BTW : I’m a believer that mankind will move beyond the atmosphere sometime, just as fish left the ocean to colonize the land.

Pretty much, I likely would not have gone to AZ for this, but was there anyway. With spouse along, I tack on a few days to either end of the conference.

Some other posts

Spaceflight industry ready for takeoff - The New Space Race - MSNBC.com

Good Morning: PC Forum 2005: Jeffrey Katz founder of Orbitz

Phil Gilbert | Perspectives in Process: Personal Mobility

CNet postings (note that CNet owns PCForum - and I assume Flight School)
Freeman: let's colonize space for fun

Space elevator stuff

Liftport FAQ

Friday, March 25, 2005

Bobby Short

Well, Shirley and I got to see Bobby near the end of his run, both as singer and his life.
Last October at the Cafe Carlyle

Of Note :
"Another musician who heard Mr. Short at a tender age is funky rocker Lenny Kravitz. "I've known Bobby Short since I was five years old," he says. "He was the person who coaxed my mother into marrying my father." Mr. Kravitz admired Mr. Short's impeccable style -- "the classiest gentleman I ever met in my life." But above all, he loved the way Mr. Short put across a Gershwin or Porter tune. "Bobby Short will remain my favorite artist of all time."

Tuesday, March 22, 2005

A few Notes

Tues late AM at PCForum


Lots of Mac's here
Quick show of hands, I'd guess a third, with a third dell, some thinkpads, and smattering of other devices

Answers range (comments from others) from "independent thinkers" to Higher IQ "Wintells never made sense" to "crashproof"

Panel on Open Source (Mitchell Baker, Kim Polese)
Show of hands on how many use Firefox - by far the majority - 80+% !

Monday, March 21, 2005


A few notes from PC Forum

Sunday was launch
Shirley off with rental car to do some shopping/sightseeing
I showed up at registration at 10:15

Registration at 11:00
Noted that the website had it as 10:00 ... bingo, updated on the fly
That was the first "troubleshooting"

So ... got going
Note : the "travel bags"
Bright red, plastic things

Various comments, such as "for once, when my wife wants to take the bag, I won't argue"
"Where're the guys bags?"
"women asking where are the makeup kits?"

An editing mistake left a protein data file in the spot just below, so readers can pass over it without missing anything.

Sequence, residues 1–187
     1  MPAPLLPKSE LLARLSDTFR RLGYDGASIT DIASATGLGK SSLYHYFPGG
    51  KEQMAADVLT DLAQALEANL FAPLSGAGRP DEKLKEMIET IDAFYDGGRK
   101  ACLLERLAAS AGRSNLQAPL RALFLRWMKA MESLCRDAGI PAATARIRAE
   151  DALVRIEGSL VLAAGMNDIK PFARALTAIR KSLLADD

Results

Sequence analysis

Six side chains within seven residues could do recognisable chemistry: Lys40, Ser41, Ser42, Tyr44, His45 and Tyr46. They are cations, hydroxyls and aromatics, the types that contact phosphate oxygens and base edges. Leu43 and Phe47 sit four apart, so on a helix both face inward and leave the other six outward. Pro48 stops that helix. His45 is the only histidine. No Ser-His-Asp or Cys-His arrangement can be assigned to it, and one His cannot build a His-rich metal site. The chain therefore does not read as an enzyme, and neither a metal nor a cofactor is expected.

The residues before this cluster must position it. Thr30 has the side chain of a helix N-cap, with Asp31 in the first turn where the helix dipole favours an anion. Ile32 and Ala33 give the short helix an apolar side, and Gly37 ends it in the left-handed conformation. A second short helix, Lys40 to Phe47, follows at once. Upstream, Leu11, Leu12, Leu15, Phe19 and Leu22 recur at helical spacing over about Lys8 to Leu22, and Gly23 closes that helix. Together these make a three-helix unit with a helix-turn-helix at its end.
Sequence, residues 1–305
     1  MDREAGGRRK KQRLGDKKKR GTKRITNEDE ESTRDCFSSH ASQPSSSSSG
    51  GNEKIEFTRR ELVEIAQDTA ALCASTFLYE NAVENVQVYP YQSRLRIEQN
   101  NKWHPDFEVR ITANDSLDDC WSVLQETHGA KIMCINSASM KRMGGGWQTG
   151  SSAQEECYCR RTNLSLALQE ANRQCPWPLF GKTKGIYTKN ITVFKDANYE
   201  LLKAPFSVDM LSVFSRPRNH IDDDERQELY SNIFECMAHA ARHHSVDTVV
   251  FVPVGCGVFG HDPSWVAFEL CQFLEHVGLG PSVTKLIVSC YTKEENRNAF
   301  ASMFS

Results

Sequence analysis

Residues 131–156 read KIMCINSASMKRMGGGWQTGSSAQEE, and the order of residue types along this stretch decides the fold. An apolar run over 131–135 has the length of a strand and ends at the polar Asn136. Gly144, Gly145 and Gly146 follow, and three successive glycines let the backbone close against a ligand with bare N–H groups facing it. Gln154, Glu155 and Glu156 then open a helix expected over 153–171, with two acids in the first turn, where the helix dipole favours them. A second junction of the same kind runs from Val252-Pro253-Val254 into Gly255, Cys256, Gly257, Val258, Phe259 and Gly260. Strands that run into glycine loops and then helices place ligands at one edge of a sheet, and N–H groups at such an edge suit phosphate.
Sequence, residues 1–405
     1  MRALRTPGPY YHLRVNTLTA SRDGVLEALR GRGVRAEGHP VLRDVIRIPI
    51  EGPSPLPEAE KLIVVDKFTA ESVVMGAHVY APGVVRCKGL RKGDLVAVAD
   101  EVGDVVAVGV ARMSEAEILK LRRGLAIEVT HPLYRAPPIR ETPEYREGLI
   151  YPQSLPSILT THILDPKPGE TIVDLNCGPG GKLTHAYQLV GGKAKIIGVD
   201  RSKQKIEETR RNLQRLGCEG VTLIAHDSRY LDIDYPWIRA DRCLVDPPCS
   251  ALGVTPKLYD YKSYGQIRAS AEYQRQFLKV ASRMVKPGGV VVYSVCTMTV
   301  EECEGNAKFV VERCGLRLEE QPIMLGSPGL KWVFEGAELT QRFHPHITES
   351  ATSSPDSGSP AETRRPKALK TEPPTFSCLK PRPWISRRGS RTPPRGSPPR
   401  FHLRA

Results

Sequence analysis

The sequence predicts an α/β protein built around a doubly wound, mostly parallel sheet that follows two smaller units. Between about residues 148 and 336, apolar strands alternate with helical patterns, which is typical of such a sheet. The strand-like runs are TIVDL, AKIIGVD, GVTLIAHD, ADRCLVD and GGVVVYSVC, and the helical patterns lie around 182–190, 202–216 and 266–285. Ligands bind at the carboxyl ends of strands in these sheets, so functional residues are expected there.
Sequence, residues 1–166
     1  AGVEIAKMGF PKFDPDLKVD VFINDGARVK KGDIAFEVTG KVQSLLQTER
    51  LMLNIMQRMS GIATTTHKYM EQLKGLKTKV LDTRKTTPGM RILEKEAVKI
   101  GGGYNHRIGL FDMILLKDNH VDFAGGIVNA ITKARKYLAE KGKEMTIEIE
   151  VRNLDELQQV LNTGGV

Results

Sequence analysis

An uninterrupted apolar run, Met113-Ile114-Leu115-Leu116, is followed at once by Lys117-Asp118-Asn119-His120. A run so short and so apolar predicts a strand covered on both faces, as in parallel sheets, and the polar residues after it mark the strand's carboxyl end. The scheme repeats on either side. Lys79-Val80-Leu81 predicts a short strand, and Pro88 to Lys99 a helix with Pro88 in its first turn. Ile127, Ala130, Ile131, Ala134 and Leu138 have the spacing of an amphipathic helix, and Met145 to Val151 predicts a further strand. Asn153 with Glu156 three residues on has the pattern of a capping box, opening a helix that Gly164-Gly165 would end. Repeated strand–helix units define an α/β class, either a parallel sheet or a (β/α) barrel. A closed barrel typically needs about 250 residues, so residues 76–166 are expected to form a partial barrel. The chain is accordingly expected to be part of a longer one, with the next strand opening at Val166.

"Barbie Bags"

Will try to get photo later

More "troubleshooting"
Intronetwork.com - was given demo, looks like intersting product
But, during afternoon session, tried repeadly to upload my image (for ID)
Repeated failures - someone else's mug kept showing up - always the same scruffy guy
Not this scruffy guy...

Ran into co-founder(s) in lobby
Walked through the same proceedure
Tried from dot-mac file, from my own machine hosted file - same
"Gold Star" for finding a bug ...

They also have some layout/ergonomics issues

Fixed today

Saturday, March 19, 2005

Imax: It's the Bible vs. the Volcano


Several Imax theaters, including some in science museums, are refusing to show movies that mention the subject - or the Big Bang or the geology of the earth - fearing protests from people who object to films that contradict biblical descriptions of the origin of Earth and its creatures.

Hyman Field, who as a science foundation official had a role in the financing of "Volcanoes," said he understood that theaters must be responsive to their audiences. But Dr. Field he said he was "furious" that a science museum would decide not to show a scientifically accurate documentary like "Volcanoes" because it mentioned evolution.

"It's very alarming," he said, "all of this pressure being put on a lot of the public institutions by the fundamentalists."

and :

People who follow the issue say it is more likely to arise at science centers and other public institutions than at commercial theaters. The filmmaker James Cameron, who was a producer on "Volcanoes," said the commercial film he made on the same topic, "Aliens of the Deep," had not encountered opposition, except during post-production, when "it was requested from some theaters that we change a line of dialogue" relating to sun worship by ancient Egyptians. The line remained, he said.

Mr. Cameron said he was "surprised and somewhat offended" that people were sensitive to the references to evolution in "Volcanoes."

"It seems to be a new phenomenon," he said, "obviously symptomatic of our shift away from empiricism in science to faith-based science."

Faith Based Science ?
What "pray tell" is that ? (pun very intentional)

Cross Country skiing to Cactus Time

Changes in climate, from skiing on the frozen lake to conference in the desert